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Opinion

Biodiversity The Essential Ingredient For Sustainable Agriculture

John R Ridley

John Ridley highlights the importance of biodiversity, not just in farming but as an important variant for good economics.

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arthworms, bees, wild barley, orchids, mangrove swamps, tropical rain forests and human beings may seem unconnected, but they represent the diverse and fragile nature of life on earth in which the survival of every species is interconnected. About one-third of the food we eat can be attributed, directly or indirectly, to honeybee pollination, yet across the world honeybees are dying in record numbers and no one knows why. Any significant loss of the bee population will have an effect on ours and other life on Earth. Riffa Views International School, through it’s pioneering teaching of biodiversity, gardening and the health benefits of eating fresh vegetables, are helping the children of Bahrain understand the issue and the challenges we all face. Ali Al-Khalifa of Organic Foods and Café in Seef Mall is an advocate of

70 | Bahrain Confidential | February 2013

the programme, he introduced me to Sandra Carden, the teacher behind the initiative. Sandra’s aim is to make gardening a part of the curriculum and not just an extracurricula activity. “Children learn a respect for nature by seeing, touching and working with nature; the largely organic gardens have become part of our classroom,” she told me. As the children quickly discover, there is an unexpected benefit to participating in the lessons - their “classroom is edible” - and nothing can match the taste of organic fruit and vegetables, prepared and eaten only minutes after picking. The long term health benefits of fresh organic fruit and vegetables

are part of the teaching. “But how,” Sandra asks, “can you eat healthily if you don’t know how to grow food?” The soil in Bahrain is generally poor and needs to be conditioned and cared for. Plants are grown in mounds, allowing salt from the “de-salinated” water and alkaline soil to collect in trenches below the vegetables. Compost made from garden and kitchen waste is mixed with the soil and additional nutrients come from a fertiliser made by the children, using animal manure, sugar and neem leaves mixed with water. Whilst farming depends on biodiversity, intensive farming is a major contributor to its loss. Different crop varieties can withstand diseases and climatic conditions, so we should be growing as wide range as possible for our own food security. The intensification of farming (and maybe our taste palettes) has led to the decline in crop varieties, wild plants and animal species. Ali gave an example of how 100 years ago there were 350 varieties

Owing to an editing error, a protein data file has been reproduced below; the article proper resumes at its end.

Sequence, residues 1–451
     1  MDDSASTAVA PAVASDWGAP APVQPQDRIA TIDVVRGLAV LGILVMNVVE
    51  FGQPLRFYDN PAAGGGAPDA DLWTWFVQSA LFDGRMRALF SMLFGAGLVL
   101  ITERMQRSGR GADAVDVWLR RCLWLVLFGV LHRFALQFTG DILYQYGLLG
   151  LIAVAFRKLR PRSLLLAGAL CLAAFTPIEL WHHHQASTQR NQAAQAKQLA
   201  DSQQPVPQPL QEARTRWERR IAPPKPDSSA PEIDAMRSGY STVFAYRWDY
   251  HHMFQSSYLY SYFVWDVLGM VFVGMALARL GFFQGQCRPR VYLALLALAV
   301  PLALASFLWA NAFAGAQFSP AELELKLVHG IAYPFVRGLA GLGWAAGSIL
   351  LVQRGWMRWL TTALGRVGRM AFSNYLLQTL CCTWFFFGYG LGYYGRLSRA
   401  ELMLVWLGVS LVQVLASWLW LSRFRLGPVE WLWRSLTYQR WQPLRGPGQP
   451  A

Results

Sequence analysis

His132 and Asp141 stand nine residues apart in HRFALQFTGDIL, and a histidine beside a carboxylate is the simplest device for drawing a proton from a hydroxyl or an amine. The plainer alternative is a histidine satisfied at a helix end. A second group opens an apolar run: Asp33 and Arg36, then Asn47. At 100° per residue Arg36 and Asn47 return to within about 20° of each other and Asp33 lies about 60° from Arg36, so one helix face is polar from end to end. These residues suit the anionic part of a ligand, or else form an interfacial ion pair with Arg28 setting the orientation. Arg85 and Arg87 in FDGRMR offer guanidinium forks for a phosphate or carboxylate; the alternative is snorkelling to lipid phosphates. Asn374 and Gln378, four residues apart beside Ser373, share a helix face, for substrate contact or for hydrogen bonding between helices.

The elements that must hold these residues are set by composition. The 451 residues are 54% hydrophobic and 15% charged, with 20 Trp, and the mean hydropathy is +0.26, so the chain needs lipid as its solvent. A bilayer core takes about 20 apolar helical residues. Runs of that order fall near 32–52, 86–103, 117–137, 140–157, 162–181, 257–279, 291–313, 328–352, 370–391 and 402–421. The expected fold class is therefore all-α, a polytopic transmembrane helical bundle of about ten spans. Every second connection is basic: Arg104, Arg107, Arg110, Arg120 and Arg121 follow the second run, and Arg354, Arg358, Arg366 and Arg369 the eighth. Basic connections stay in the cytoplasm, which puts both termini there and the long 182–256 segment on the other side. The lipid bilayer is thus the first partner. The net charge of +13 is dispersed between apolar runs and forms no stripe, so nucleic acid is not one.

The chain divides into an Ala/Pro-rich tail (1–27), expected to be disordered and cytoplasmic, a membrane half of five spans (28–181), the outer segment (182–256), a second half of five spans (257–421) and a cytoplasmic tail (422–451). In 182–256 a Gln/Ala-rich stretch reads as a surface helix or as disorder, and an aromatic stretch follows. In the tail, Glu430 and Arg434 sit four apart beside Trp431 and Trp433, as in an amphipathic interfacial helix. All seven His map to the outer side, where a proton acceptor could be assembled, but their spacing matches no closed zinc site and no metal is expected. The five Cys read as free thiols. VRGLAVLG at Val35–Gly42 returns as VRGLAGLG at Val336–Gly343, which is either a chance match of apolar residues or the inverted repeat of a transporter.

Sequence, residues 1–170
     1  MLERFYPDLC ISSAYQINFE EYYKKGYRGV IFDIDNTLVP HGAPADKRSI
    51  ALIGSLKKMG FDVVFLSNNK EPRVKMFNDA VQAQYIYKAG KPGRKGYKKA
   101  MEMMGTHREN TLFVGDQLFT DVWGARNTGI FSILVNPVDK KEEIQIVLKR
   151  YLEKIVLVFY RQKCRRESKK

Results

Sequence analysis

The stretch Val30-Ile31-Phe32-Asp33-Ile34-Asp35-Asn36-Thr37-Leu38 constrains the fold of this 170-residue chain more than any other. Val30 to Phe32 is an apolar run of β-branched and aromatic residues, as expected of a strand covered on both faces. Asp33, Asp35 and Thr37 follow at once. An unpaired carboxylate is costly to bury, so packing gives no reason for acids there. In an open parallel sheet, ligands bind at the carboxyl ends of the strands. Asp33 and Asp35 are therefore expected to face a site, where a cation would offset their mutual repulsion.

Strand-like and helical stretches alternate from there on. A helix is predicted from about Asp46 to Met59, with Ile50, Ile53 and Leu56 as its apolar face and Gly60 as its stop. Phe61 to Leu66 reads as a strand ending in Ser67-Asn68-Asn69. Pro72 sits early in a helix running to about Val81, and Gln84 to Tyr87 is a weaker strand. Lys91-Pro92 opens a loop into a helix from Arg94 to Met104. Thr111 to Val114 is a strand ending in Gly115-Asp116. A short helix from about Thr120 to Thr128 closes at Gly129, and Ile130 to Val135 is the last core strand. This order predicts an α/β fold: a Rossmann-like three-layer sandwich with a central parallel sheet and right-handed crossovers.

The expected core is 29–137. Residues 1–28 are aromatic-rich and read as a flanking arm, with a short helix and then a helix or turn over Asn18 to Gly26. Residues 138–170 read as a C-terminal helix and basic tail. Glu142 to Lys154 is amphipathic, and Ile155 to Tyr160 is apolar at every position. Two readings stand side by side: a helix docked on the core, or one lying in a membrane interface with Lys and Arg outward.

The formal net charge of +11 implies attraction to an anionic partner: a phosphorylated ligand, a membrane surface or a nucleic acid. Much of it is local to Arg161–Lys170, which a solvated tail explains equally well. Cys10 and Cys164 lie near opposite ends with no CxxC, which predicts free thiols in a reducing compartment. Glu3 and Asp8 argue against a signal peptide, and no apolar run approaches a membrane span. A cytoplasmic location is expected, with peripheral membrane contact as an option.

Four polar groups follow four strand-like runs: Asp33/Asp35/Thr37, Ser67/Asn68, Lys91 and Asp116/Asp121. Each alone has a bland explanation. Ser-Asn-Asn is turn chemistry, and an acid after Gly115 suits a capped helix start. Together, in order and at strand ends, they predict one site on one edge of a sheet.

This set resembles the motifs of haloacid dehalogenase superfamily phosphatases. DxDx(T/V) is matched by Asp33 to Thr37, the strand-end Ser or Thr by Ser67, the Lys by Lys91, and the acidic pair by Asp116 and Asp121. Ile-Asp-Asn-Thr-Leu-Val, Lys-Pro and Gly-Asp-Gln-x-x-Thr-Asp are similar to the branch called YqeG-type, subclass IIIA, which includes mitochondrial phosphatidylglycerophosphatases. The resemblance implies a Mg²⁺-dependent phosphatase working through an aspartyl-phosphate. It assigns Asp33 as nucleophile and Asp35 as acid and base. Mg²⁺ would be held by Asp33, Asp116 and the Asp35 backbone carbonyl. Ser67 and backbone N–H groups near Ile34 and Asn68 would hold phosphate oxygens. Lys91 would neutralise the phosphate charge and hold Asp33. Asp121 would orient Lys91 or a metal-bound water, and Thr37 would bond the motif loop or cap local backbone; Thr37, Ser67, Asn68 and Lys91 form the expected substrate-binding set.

“The soil in Bahrain is generally poor and needs to be conditioned and cared for.” of grapes, today there are only 20 to 30 and only three are mass produced. Sandra teaches the importance of insects, aphids, worms and soil microorganisms, and how they play a critical part in maintaining soil fertility; their presence indicates good, healthy soil. Many big commercial gardens are likely to be largely free from insects - either the soil is polluted with insecticide, or it is dead and the only nutrients come from chemical fertilisers. In the Riffa Views International School gardens, natural deterrents, such as herbs planted alongside the crops, control insects, but they are allowed to thrive in the gardens; birds in turn feed on them, and so the cycle of life continues. Diverse, organic farming is not just about preserving wild birds or flowers, nurturing the land is about ensuring food security and hard, sustainable, economics too

Visit www.ghostwriting.me to read the full version of this article and send me your feedback. John Ridley is a Bahrain based journalist, broadcaster and writer, he can be contacted at john@johnridley.nu or john@ghostwriting.me

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